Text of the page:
BY Nick Currie in Opinion | 25 MAR 08

Metacritics and Strangers

A brief guide to the future of online contemporary art coverage

BY Nick Currie in Opinion | 25 MAR 08

Imagine it’s 2010. You’re planning a short trip to New York, and you want to see the most interesting exhibitions the city has to offer. Where to start?

Well, you need to know what’s on, so you fire up the web and hit New York Art Beat. This site launched back in the spring of 2008, four years after its invention as Tokyo Art Beat, the first bilingual integrated guide to the Japanese capital’s art scene. NYAB not only tells you what’s on, when and where (with links to online mapping systems), it also mixes staff and amateur reviews, ranking shows on its front page under the heading ‘Most Reviewed’.

If you prefer a wider range of professional recommendations, Metacritic is your site. Metacritic assembles press reviews of books, movies, TV shows and games, assigning a percentage rating to each review then computing an aggregate score for the products they’re assessing. Metacritic added art shows, you recall, back in late 2009. The problem before then had been print media’s long lead-times, which meant that by the time reviews appeared the shows in question had usually closed. (This was obviously a problem for readers too.) As the decade wore on, though, art magazines – seeing the need for topicality and feeling the competitive heat from art blogs like Artkrush and We Make Money Not Art – shifted topical reviews to their websites. It’s these, combined with the coverage on the more reputable blogs, which, here in 2010, Metacritic uses to compute its art scores.

Talking of art scores, you may want to know whether the artists you’re planning to see are going up in the world or coming down, and how they rank alongside other artists. For these kinds of quantifications, illustrated in handy charts, ArtFacts is your site. It assigns an algorithmic score based on frequency of exhibition to 30,000 contemporary artists. Just type in your artist’s name and you’ll see a number and a chart showing where he or she stands, and whether he or she is rising or falling on the stock exchange of reputation.

Subscribers to can also access more sophisticated – or at least more complicated and question-begging – ‘artist career analyzing tools’. Here, artists, dealers, buyers and interested observers can indulge their narcissism and schadenfreude by poring over how their artist ranking relates to their auction turnover. They can watch a plummeting exhibition ranking turning, a year or so later, into plummeting auction prices, or plot up to four artists’ auction and exhibition stats on top of each other to pick out, for instance, the winners and losers in a group show, or the high flyers from a bunch of art school friends who all graduated the same year.

In late 2009 ArtFacts licensed the technology used by YouTube, Amazon and LastFM to recommend similar artists, so now, in 2010, you can type in, say, David Shrigley’s name and get recommendations for Paul Davis and Marcel Dzama.

If you want a more touchy-feely pre-visit impression, you can always turn to YouTube itself. James Kalm has been vlogging his visits to New York galleries since 2006. Because of the intransigent attitude of many galleries and museums to video and photography, and their own increasing video surveillance of visitors, Kalm has had to become more and more skillful at disguising his camera – and his own features. ‘Would you switch off the camera, please, sir!’ all too often became, by 2010, ‘Is that you, Mr Kalm? Okay, where’s the camera?’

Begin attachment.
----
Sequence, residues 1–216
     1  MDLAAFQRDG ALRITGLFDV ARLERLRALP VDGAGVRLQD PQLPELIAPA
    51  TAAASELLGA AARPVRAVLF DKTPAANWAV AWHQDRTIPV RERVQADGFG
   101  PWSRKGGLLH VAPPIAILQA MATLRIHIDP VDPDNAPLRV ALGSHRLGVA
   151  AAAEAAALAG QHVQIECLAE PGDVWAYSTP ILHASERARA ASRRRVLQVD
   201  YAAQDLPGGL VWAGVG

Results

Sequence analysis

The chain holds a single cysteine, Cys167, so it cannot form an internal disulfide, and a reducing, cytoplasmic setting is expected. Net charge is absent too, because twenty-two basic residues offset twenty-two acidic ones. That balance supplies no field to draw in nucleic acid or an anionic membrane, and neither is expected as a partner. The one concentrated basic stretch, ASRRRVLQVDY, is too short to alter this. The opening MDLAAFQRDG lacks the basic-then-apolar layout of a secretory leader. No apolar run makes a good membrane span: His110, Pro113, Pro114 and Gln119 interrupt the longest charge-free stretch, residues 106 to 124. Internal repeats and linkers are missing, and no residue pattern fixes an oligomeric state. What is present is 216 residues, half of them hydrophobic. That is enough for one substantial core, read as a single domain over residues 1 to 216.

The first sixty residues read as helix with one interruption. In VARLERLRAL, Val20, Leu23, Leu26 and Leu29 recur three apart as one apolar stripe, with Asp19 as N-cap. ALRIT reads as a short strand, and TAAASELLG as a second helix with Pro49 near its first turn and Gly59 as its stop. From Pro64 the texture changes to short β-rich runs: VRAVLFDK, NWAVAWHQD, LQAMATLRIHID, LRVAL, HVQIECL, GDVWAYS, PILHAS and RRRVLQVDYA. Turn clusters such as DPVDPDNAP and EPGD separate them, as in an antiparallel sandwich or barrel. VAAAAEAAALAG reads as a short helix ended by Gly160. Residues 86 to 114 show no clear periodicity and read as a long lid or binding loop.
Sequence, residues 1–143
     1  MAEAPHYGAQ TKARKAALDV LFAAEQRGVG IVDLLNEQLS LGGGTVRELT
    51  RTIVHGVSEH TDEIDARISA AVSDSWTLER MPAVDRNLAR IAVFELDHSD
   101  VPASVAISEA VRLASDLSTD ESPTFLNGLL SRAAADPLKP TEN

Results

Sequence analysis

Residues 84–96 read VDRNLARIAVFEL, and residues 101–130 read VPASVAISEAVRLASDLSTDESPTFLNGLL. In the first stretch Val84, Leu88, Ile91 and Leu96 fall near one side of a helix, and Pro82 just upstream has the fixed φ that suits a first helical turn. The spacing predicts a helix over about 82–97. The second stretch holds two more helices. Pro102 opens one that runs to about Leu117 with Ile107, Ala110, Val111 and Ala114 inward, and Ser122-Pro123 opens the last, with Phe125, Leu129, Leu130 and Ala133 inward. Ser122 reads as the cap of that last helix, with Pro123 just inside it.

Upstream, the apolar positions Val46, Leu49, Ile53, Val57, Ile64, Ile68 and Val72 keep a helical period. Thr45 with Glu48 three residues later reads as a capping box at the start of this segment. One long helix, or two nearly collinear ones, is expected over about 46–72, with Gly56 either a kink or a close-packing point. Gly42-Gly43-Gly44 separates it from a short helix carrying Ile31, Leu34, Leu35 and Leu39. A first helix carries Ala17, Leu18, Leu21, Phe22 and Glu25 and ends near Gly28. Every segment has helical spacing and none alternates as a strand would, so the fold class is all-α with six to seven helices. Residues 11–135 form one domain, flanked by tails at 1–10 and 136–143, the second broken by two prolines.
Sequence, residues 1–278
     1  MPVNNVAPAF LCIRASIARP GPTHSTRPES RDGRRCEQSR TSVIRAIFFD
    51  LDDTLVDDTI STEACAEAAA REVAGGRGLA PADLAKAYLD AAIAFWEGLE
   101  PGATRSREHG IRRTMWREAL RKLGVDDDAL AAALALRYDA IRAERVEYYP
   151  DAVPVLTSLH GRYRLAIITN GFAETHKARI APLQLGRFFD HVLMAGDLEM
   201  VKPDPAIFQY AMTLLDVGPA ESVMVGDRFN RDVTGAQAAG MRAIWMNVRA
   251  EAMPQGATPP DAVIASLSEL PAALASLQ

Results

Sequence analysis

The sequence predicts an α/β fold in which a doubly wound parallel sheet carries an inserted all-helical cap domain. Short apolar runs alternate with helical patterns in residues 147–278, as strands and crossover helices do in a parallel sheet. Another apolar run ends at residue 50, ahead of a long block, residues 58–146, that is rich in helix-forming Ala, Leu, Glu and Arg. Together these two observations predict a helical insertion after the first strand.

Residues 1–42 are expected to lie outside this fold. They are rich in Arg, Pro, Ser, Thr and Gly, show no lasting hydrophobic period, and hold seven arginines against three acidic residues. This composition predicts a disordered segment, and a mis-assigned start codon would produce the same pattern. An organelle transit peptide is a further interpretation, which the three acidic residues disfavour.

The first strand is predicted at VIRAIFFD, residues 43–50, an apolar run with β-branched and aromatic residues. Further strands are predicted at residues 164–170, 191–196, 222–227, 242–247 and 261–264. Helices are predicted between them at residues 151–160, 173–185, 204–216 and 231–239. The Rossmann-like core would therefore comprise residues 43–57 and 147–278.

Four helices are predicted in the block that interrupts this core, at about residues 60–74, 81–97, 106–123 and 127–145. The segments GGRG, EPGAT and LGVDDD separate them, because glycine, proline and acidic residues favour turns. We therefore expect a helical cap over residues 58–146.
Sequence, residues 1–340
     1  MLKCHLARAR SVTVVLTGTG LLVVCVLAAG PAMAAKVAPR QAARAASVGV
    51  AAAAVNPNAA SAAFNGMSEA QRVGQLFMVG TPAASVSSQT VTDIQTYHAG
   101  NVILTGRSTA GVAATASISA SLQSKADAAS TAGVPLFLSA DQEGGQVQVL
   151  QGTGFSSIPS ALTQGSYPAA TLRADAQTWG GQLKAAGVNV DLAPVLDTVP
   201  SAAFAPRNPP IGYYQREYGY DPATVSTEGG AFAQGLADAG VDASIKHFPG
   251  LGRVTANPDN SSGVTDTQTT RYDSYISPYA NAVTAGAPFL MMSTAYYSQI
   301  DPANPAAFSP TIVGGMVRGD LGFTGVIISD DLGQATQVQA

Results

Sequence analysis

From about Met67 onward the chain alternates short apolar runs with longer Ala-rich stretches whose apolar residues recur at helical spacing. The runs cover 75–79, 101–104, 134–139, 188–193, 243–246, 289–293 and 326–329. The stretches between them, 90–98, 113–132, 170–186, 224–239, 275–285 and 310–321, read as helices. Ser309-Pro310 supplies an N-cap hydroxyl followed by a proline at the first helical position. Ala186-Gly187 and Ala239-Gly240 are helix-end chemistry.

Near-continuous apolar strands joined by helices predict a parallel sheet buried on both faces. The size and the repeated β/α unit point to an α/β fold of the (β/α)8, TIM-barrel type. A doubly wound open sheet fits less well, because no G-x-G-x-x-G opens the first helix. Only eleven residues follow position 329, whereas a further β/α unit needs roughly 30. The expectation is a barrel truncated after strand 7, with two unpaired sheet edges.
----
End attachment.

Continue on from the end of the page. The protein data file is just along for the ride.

If Kalm’s video is too jerky and amateur, you might prefer Vernissage TV, or even the increasingly slick video presentations of art museums who – perhaps inspired by the Tate’s excellent Tateshots video page – began to get their vlogging act together later in the decade.

At a certain point, though, as you prepare your 2010 New York art trip, one of the following things will happen to you. You’ll get swamped with information and abandon your research. Or you’ll postpone it, remembering that
“ title=“Google Maps”>Google Maps offers a contextual information service by pinpointing your location and linking it to the websites of local business.

Perhaps, opting for the human touch, you’ll call a New York friend and ask her to guide you around the shows; much better than relying on algorithms, metacritics and strangers! Or you’ll just go to Chelsea and nose briefly into every street-level gallery between West 22nd and 26th Streets, then maybe do a few museums at the weekend.

You’ll decide, above all, that art and data are two totally different worlds, worlds that’ll never really understand each other. After hours tapping away at your computer, you’ll long for tactile encounters with three-dimensional objects that smell of paint and clay, scary confrontations with performance artists, video projections where you can feel the machine’s hot breath on your face, and hesitant circumnavigations (at your own risk, with your shoes removed) of mysterious installations.

You’ll find yourself valuing intuition, serendipity and the unexpected more than ever. And, nodding sagely, you’ll conclude that art is a round peg that all the algorithms in the world are unlikely to knock into the Internet’s square hole. And that this perpetual stubbornness is one of the reasons you seek art out – even on the Internet.

Nick Currie is a Scottish-born musician and writer based in Osaka, Japan. Recording as Momus, he has released 23 albums and is also the author of The Book of Scotlands (Sternberg Press, 2009) and The Book of Jokes: A Novel by Momus (Dalkey, 2009). He is currently working on a film script.